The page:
IBWA Hails Ongoing Consumer Preference Swing To Bottled Water

Posted On: 6/6/2018

  • Printer Friendly Version
  • Decrease Text SizeIncrease Text Size
  • PDF

ALEXANDRIA, VA — Bottled water is the leading beverage product in the United States, by volume, for a second year in a row, according to the International Bottled Water Association and Beverage Marketing Corp. Bottled water volume grew to 13.7 billion gal. in 2017, a 7% increase over the previous year.

The distance between bottled water and carbonated soft drinks continues to widen as consumers increasingly choose bottled water instead of soda. Carbonated soft drink sales decreased for the 13th consecutive year, according to the most recent numbers from BMC.

Bottled water sales now total $18.5 billion, an increase of 8.8%. Per capita consumption exceeds 42 gal. of bottled water, a 6.2% increase. Meanwhile, the average annual intake of carbonated soft drinks has slipped to 37.5 gal., BMC statistics show. BMC predicts bottled water will exceed 50 gal. per capita within just a few more years.

Within the bottled water category, all segments grew in 2017. Domestic non-sparkling increased 5.5%, while domestic sparkling increased 27.5%. Imported water increased 9.2%.And home and office bulk water delivery (3- and 5-gal. bottles) increased 1.3%.

"Bottled water's rocket-like rise in popularity coincides with pronounced shifts in consumer preferences for refreshment and rehydration," said BMC chairman and chief executive officer Michael C. Bellas. "As the quintessential portable and affordable beverage, bottled water introduces new usage occasions and habits. Suitable for consumption at any time of the day or night, and not necessarily in need of being kept ice-cold, bottled water simply is the preferred beverage not only for consumers aiming to reduce caloric intake or lessen artificial sweetener usage but also for consumers of all kinds."

According to Joe Doss, IBWA's president and chief executive officer, "Research and polling indicate people are continuing to make the switch from other packaged drinks to bottled water."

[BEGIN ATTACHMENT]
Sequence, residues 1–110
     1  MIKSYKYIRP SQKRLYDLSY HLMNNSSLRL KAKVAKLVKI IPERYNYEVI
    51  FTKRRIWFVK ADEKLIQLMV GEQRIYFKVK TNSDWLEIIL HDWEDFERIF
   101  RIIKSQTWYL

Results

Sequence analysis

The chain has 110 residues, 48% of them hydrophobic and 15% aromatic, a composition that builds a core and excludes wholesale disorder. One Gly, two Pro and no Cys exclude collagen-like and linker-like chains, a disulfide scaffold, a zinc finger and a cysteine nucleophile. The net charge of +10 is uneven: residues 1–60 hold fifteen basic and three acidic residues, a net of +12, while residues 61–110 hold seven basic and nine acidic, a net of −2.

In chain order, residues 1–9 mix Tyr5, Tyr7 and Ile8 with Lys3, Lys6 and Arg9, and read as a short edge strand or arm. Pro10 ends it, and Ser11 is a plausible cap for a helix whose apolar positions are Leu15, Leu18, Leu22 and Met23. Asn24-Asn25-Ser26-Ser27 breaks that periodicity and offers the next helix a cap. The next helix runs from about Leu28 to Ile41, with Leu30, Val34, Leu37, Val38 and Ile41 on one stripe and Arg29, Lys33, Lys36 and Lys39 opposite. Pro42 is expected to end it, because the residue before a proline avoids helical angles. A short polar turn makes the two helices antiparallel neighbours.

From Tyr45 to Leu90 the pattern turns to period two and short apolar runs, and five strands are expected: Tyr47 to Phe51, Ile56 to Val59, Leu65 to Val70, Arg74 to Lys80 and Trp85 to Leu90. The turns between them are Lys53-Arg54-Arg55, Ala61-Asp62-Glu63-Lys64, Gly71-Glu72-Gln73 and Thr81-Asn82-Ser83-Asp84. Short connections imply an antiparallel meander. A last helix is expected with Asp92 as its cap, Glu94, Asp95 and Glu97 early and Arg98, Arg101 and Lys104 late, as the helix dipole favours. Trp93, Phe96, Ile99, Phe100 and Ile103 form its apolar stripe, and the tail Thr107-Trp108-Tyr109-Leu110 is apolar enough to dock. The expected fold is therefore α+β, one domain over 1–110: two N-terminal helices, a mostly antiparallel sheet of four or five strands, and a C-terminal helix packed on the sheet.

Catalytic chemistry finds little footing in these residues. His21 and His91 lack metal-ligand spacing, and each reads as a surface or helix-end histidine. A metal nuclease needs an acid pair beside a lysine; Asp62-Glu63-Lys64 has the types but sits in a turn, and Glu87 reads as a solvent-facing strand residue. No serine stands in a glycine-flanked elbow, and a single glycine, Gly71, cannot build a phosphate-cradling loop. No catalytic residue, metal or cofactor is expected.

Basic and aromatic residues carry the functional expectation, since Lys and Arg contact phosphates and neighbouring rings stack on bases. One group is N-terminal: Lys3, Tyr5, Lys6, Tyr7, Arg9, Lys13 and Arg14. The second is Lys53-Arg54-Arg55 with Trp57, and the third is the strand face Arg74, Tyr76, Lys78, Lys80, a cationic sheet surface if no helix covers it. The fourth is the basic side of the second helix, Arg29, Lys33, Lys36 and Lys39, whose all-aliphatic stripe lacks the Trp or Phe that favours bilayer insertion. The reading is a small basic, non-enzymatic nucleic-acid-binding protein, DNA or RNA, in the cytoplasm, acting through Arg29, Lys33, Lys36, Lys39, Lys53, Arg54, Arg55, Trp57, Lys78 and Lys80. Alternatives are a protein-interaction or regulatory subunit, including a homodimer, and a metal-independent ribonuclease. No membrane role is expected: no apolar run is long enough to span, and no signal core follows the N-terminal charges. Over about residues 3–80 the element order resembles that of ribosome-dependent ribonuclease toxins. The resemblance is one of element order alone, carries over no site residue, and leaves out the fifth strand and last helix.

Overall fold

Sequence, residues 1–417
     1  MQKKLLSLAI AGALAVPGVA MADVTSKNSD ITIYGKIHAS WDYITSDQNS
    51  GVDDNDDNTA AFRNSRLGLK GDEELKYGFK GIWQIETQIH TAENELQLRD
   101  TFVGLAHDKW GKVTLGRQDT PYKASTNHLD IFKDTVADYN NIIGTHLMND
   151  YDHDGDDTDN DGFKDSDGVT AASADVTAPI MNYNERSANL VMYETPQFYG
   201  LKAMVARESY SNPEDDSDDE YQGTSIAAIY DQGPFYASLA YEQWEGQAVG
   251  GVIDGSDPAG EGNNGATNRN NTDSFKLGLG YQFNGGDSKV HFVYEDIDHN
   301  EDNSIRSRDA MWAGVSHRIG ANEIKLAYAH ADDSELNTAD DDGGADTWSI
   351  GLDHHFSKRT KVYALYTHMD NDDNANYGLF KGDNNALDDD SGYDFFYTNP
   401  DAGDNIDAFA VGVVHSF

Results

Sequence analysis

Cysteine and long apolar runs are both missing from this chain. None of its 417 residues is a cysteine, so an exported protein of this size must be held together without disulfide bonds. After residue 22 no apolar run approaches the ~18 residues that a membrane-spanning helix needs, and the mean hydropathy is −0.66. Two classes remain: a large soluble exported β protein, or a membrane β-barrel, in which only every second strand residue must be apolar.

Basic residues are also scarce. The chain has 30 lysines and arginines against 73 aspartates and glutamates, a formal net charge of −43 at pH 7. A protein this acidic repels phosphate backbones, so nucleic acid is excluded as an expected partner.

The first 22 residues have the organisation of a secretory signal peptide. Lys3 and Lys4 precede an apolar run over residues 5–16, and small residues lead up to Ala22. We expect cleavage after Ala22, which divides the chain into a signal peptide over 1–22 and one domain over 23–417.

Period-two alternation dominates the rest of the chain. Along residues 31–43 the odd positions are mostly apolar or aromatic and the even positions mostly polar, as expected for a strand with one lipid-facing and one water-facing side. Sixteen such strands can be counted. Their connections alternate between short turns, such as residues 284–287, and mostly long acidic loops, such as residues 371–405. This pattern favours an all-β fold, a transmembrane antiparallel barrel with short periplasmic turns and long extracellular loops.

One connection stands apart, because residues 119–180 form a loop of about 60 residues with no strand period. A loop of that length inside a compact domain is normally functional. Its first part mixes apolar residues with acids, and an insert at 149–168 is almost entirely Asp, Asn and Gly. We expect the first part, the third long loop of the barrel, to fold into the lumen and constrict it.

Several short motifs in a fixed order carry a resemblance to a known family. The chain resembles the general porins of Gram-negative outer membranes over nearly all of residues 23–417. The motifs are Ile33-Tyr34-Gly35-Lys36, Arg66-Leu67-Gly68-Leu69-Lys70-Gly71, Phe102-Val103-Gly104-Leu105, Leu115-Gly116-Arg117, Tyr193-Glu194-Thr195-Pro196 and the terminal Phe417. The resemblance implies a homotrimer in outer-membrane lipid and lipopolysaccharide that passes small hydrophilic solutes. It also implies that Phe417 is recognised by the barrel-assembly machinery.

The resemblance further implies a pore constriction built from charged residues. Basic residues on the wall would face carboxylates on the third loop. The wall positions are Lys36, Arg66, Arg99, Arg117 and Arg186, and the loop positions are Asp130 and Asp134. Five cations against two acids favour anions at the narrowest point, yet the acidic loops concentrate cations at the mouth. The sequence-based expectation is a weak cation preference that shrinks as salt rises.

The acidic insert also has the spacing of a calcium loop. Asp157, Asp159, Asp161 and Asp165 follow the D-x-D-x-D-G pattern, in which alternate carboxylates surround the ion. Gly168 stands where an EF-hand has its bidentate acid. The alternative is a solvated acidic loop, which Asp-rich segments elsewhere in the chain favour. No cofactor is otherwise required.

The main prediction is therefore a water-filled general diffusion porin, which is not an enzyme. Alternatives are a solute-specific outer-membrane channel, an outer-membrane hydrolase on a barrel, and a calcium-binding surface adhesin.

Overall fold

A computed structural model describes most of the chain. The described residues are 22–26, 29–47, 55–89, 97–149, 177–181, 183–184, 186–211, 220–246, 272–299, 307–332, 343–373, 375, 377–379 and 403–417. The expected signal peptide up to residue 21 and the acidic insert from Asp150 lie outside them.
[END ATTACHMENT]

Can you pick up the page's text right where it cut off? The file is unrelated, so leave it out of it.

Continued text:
BMC data from the past two decades shows that a large part of the sales growth for bottled water is the result of a "consumer shift" from sugar-sweetened beverages to bottled water, Doss observed.

This new data is consistent with a Harris Poll conducted for IBWA that found more than 3 in 5 Americans (63%) say bottled water (still and/or sparkling) is among their most preferred beverages, followed by coffee (62%).

The bottled water industry is making use of a variety of measures to continue reducing its environmental impact. Many bottled water companies already use recycled plastic in their bottles. Some are producing 100-% recycled PET plastic bottled water containers, he said.

Bottling water also is efficient. "When it comes to overall water use, the bottled water industry is actually a very small and efficient water user," Doss reported. "Bottled water uses only 0.011% of all water used in the United States."

Bottled water is comprehensively regulated by the U.S. Food &Drug Administration as a food product, and FDA regulations governing the safety and quality of bottled water must, by law, be as protective of the public health as the Environmental Protection Agency (EPA) standards for tap water. And, in some respects such as dissolved lead, bottled-water regulations are substantially more stringent.

Founded in 1958, IBWA serves a membership that includes U.S. and international bottlers, distributors and suppliers.